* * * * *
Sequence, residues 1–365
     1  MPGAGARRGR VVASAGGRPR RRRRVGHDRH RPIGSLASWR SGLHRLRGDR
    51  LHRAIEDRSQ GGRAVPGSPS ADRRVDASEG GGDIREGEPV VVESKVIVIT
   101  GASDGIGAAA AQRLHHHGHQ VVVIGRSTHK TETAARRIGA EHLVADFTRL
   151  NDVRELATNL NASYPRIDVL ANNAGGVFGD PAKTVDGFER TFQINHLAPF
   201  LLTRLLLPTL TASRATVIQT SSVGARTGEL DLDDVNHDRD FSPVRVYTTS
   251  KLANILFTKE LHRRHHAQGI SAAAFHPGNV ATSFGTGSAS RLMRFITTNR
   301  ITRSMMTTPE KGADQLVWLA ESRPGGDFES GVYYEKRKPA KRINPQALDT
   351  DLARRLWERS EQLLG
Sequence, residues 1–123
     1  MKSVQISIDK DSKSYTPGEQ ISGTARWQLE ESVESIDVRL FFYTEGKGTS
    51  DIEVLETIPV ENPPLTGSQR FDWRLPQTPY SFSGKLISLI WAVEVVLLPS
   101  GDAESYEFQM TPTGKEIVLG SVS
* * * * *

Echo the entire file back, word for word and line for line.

Sequence, residues 1–365
     1  MPGAGARRGR VVASAGGRPR RRRRVGHDRH RPIGSLASWR SGLHRLRGDR
    51  LHRAIEDRSQ GGRAVPGSPS ADRRVDASEG GGDIREGEPV VVESKVIVIT
   101  GASDGIGAAA AQRLHHHGHQ VVVIGRSTHK TETAARRIGA EHLVADFTRL
   151  NDVRELATNL NASYPRIDVL ANNAGGVFGD PAKTVDGFER TFQINHLAPF
   201  LLTRLLLPTL TASRATVIQT SSVGARTGEL DLDDVNHDRD FSPVRVYTTS
   251  KLANILFTKE LHRRHHAQGI SAAAFHPGNV ATSFGTGSAS RLMRFITTNR
   301  ITRSMMTTPE KGADQLVWLA ESRPGGDFES GVYYEKRKPA KRINPQALDT
   351  DLARRLWERS EQLLG
Sequence, residues 1–123
     1  MKSVQISIDK DSKSYTPGEQ ISGTARWQLE ESVESIDVRL FFYTEGKGTS
    51  DIEVLETIPV ENPPLTGSQR FDWRLPQTPY SFSGKLISLI WAVEVVLLPS
   101  GDAESYEFQM TPTGKEIVLG SVS